”Russell Reynolds Associates recently interviewed numerous institutional and activist investors, pension fund managers, public company directors and other governance professionals about the trends and challenges that public company boards will face in 2017. Our conversations yielded a wide array of perspectives about the forces that are driving change in the corporate governance landscape.
”Do institutional investors demand corporate disclosure? A central question in finance and accounting is whether corporate transparency benefits or hurts investors. This issue is complicated by the fact that information provision could affect groups of investors differentially. Public information may crowd out the private information advantage of some institutional investors; alternatively, investors, particularly those following more passive trading strategies, may not be information sensitive. However, even passive institutional investors may benefit from an increase in monitoring by other stakeholders following improved disclosure. Further, regardless of the preferences of institutional investors, whether or not they are able to affect corporate policy on this margin is unclear. This tradeoff is reflected in mixed empirical evidence on the relationship between institutional ownership and corporate disclosure.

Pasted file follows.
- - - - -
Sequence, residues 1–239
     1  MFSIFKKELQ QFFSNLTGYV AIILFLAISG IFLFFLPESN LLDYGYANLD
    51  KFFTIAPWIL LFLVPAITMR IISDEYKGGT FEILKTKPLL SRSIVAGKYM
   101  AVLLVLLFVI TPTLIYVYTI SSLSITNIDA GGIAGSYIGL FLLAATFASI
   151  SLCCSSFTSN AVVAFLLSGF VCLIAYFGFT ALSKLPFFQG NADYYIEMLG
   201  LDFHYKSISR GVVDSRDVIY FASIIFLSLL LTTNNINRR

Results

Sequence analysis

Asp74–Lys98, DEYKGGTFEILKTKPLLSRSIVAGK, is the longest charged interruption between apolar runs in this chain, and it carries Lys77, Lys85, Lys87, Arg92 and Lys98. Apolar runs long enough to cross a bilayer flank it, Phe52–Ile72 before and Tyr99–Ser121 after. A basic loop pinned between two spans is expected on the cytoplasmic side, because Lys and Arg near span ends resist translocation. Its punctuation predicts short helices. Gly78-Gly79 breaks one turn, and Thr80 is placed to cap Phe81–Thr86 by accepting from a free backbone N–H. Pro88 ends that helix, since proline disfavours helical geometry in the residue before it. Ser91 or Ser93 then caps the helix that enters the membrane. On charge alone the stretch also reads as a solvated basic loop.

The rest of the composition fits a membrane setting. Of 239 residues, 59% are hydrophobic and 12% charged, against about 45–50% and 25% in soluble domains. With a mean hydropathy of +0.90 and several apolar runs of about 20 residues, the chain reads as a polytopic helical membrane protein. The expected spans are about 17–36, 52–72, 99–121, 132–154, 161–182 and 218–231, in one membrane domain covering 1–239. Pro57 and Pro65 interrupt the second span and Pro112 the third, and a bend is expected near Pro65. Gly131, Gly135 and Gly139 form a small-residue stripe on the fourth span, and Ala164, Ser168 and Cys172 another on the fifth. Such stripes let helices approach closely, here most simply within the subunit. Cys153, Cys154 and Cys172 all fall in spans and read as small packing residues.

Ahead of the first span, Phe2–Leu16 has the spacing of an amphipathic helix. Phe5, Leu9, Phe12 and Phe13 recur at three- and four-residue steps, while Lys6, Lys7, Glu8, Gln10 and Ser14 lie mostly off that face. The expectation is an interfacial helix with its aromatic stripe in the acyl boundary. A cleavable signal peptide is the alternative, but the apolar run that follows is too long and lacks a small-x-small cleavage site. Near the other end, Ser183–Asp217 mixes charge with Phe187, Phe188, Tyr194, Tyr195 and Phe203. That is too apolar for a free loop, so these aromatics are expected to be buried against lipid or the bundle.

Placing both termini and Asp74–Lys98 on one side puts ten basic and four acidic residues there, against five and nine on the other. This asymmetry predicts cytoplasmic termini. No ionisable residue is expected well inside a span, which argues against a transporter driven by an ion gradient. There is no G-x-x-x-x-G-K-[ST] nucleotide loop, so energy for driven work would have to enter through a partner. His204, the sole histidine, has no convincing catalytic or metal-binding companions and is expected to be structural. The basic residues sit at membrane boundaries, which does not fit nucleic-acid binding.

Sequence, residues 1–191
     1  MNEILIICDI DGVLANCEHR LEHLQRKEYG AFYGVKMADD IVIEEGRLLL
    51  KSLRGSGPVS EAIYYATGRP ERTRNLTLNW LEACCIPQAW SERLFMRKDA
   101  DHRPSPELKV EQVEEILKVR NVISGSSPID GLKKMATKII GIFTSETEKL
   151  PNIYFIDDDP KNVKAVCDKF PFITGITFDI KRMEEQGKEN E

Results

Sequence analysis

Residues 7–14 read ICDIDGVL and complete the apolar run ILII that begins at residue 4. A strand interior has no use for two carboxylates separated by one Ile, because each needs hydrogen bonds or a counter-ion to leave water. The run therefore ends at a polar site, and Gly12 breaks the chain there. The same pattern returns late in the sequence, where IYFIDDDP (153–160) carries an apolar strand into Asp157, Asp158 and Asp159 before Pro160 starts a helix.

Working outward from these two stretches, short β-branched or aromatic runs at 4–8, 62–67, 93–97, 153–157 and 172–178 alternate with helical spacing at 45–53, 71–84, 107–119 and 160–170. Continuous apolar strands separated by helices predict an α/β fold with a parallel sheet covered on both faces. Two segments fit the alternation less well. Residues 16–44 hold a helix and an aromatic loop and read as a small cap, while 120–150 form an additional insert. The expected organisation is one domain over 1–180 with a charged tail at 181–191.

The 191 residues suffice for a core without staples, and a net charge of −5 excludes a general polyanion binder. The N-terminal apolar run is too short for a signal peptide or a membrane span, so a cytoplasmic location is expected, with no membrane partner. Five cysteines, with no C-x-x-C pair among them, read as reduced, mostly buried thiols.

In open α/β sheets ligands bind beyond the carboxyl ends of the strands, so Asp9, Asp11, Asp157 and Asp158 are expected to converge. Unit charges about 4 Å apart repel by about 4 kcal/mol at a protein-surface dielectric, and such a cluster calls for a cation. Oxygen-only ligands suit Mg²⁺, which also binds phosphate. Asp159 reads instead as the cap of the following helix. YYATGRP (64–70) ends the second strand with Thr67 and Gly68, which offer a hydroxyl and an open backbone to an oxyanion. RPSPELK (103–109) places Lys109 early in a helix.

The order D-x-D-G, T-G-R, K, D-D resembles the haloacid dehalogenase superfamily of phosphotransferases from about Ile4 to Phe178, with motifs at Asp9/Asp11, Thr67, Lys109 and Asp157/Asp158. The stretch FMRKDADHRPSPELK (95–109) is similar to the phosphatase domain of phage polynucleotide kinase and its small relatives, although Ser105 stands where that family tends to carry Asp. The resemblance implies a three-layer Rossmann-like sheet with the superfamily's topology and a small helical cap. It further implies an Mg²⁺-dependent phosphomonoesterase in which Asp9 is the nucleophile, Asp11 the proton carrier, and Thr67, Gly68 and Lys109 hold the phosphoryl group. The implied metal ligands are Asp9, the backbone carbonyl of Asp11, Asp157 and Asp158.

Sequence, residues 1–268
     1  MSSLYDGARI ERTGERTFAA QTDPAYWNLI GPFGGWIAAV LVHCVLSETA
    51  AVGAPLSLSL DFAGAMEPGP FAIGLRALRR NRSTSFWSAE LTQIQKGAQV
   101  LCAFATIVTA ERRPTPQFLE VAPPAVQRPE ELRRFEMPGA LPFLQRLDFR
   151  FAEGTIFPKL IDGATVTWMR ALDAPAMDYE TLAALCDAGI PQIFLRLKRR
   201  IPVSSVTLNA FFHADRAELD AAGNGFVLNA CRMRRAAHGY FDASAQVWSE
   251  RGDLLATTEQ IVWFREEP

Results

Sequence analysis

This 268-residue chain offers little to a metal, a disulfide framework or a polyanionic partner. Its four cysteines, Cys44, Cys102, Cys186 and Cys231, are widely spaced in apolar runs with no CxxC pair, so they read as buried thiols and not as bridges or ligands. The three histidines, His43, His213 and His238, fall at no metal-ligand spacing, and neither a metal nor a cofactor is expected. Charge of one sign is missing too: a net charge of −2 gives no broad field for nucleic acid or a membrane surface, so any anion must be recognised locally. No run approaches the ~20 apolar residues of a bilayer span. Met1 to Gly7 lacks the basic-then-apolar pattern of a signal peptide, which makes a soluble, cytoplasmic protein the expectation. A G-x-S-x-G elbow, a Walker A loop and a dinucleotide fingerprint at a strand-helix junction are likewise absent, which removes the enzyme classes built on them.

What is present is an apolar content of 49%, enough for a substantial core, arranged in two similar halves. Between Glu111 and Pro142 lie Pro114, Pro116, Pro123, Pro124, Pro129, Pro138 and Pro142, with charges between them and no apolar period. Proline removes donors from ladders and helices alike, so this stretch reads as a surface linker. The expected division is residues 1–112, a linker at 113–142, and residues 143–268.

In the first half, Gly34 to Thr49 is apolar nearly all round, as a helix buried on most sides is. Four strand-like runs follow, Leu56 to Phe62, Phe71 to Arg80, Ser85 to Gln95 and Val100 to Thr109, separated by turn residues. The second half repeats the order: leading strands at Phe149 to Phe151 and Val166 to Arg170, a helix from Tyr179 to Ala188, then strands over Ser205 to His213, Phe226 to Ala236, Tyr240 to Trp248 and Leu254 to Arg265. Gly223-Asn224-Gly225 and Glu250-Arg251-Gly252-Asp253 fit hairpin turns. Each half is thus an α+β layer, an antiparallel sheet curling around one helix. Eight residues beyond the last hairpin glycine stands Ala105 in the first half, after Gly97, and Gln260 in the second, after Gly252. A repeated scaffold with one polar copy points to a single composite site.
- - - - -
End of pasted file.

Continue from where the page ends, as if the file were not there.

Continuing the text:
To address this tradeoff faced by institutional investors, we analyze the revealed preference for corporate disclosure by institutional investors and the associated impact on the information content of corporate disclosure. Empirically, identifying a causal effect of institutional ownership on corporate disclosure policy is difficult because experimental settings and direct measures of corporate disclosure quantity and characteristics are scarce. We propose a two-part solution to these problems. First, we utilize exogenous changes in institutional ownership around Russell 2000 index reconstitutions in a regression discontinuity design to identify the effect of institutional ownership on corporate disclosure policy. Second, we directly measure the characteristics of corporate disclosure using a novel data set composed of all 8-K filings between 1996 and 2006.